AS a former software engineer, I laughed when I read what the Securities and Exchange Commission might be considering in response to the debacle of Knight Capital’s runaway computerized stock trades: forcing companies to fully test their computer systems before deploying coding changes.This is a pretty obvious case of how the SEC is clueless, but there are many other instances, especially where security regulations are on the books. In many, many cases, the SEC has no clue as to how sharp operators are using regulations to their advantage---and to the detriment of everyone else.
That policy may sound sensible, but if you know anything about computers, it is funny on several accounts.
First, it is impossible to fully test any computer system. To think otherwise is to misunderstand what constitutes such a system. It is not a single body of code created entirely by one company. Rather, it is a collection of “modules” plugged into one another. Software modules are purchased from multiple vendors; the programs are proprietary; a purchaser (like Knight Capital) cannot see this code. Each piece of hardware also has its own embedded, inaccessible programming. The resulting system is a tangle of black boxes wired together that communicate through dimly explained “interfaces.” A programmer on one side of an interface can only hope that the programmer on the other side has gotten it right.
Next, there is no such thing as a body of code without bugs. You can test assiduously: first the programmers test, then the quality-assurance engineers; finally you run the old and new systems in parallel to monitor results. But no matter. There is always one more bug. Society may want to put its trust in computers, but it should know the facts: a bug, fix it. Another bug, fix it. The “fix” itself may introduce a new bug. And so on.
So now consider that tangle of modules. The bug in one meets the bug in another, and that one in another ... and the possibility of system failure multiplies exponentially.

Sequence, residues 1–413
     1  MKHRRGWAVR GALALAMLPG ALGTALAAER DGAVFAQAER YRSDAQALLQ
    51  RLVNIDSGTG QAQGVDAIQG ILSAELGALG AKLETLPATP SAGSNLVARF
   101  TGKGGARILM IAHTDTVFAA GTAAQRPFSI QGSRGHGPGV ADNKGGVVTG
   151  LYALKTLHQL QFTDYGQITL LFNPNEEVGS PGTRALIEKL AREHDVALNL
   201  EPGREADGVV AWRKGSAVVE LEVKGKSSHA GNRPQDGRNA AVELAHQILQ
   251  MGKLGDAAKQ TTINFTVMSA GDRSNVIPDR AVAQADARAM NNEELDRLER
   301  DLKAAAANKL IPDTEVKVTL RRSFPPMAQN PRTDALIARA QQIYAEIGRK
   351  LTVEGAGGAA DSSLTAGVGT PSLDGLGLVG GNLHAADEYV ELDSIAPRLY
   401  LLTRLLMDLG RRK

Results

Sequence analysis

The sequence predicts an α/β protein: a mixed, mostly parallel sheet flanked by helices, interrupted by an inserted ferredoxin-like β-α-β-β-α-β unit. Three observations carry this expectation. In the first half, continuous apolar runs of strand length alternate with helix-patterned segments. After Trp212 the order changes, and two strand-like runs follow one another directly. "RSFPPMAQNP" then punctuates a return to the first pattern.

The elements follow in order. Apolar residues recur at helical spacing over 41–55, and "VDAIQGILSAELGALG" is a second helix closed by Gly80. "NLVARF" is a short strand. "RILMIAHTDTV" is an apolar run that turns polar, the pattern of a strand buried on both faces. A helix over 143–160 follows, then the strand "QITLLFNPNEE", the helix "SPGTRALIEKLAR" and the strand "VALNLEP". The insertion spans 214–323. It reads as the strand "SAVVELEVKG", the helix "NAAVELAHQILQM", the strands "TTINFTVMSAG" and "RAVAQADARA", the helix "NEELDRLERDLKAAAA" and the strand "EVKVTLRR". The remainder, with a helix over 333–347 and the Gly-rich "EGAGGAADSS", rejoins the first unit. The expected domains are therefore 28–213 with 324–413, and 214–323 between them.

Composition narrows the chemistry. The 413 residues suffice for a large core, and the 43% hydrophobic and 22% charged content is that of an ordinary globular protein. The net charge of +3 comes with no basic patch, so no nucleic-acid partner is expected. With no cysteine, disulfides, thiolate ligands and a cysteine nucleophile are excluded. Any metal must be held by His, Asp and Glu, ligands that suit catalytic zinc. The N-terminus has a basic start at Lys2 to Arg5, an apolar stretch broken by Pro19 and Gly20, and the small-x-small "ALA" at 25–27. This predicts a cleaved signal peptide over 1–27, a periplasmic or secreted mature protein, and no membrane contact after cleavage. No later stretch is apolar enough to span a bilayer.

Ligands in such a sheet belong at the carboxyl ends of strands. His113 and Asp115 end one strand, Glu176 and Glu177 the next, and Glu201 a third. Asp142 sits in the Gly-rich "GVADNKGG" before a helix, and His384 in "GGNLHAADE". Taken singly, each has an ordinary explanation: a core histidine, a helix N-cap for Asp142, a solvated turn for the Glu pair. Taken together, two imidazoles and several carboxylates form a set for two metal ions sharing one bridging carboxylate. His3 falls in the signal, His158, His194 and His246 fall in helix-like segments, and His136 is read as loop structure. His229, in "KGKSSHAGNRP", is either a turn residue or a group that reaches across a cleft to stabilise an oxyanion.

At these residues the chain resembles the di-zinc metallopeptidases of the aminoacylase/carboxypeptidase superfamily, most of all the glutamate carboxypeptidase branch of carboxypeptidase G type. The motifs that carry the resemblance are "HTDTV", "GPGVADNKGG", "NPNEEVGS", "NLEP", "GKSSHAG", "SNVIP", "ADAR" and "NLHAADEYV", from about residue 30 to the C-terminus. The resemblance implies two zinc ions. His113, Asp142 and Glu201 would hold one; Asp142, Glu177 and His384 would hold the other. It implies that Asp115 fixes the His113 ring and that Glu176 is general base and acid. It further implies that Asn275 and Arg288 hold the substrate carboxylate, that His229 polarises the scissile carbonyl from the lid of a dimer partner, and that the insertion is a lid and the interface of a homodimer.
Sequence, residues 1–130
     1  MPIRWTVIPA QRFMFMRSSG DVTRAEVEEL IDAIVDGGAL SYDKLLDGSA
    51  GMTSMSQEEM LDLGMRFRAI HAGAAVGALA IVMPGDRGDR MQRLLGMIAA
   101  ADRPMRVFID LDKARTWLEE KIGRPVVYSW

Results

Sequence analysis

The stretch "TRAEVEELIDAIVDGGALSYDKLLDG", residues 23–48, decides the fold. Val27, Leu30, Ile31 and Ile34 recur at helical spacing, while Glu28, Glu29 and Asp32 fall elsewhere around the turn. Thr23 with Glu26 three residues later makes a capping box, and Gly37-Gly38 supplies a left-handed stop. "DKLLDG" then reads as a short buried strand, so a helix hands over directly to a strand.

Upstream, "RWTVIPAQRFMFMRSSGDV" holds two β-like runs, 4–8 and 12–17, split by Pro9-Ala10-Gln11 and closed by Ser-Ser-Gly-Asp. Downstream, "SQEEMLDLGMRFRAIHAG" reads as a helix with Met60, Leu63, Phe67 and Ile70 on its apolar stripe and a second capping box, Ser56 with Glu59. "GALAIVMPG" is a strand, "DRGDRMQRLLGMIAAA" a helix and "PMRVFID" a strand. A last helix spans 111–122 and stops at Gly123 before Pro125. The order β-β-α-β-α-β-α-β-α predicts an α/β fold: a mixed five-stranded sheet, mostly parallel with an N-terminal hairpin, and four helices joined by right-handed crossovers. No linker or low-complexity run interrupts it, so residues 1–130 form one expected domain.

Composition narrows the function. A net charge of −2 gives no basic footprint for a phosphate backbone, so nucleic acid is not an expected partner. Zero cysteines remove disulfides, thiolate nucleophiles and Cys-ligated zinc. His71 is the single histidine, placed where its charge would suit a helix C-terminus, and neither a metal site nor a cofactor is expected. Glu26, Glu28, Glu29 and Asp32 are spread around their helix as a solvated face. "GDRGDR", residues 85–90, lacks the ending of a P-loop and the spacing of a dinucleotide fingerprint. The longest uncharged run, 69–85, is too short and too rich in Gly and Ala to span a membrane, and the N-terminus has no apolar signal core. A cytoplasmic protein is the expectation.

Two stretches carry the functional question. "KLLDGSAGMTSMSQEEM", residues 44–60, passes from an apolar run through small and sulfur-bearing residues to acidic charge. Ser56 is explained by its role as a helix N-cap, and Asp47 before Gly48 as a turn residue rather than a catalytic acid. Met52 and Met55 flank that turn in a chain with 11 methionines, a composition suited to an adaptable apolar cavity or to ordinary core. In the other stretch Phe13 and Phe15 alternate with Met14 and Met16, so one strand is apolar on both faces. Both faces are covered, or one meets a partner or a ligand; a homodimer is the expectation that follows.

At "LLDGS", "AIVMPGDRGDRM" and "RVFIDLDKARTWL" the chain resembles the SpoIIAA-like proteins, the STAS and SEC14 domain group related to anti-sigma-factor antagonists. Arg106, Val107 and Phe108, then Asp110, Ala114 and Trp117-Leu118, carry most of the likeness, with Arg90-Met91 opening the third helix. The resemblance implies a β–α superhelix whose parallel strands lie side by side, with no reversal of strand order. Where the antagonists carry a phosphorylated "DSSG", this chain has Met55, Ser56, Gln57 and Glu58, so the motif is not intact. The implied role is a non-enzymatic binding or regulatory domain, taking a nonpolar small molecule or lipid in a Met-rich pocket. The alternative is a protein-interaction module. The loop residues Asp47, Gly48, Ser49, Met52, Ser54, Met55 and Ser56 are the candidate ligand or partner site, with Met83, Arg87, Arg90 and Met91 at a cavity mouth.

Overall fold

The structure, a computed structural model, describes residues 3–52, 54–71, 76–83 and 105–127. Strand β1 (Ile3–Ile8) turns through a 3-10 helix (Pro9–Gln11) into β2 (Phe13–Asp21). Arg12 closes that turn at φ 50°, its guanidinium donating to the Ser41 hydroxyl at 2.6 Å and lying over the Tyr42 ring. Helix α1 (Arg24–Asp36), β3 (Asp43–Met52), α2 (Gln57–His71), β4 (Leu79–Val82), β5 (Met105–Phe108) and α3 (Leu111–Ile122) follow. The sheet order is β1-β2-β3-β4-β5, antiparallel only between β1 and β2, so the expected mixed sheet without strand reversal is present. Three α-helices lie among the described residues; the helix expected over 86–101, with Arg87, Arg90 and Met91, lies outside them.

Another absurd thing is trying to define a coding change worth fully testing. A completely new system rollout would certainly qualify. How about installing an updated module from one of those software vendors? It depends on the perceived criticality of the component. How about that new network router and its embedded code? Rarely done. What about a tiny bug fix done by a responsible, hardworking programmer at Knight Capital? Good quality-assurance departments would test that. But individual programmers may see a particular change as insignificant. One time I fixed a function by changing “less than” to “less than or equal to.” That “fix” propagated through the system. And down the system came.
The SEC should be shut down and securities regulations should be thrown into the garbage dump. This would eliminate the moat that protects the big Wall Street firms from new competitors. Wall Street would be a much better, more honest and more interesting place, without the SEC. You would be able to actual pick between thousands of firms, as opposed to be railroaded into dealing with the crooks at Goldman Sachs, JPMorgan Chase and Citigroup.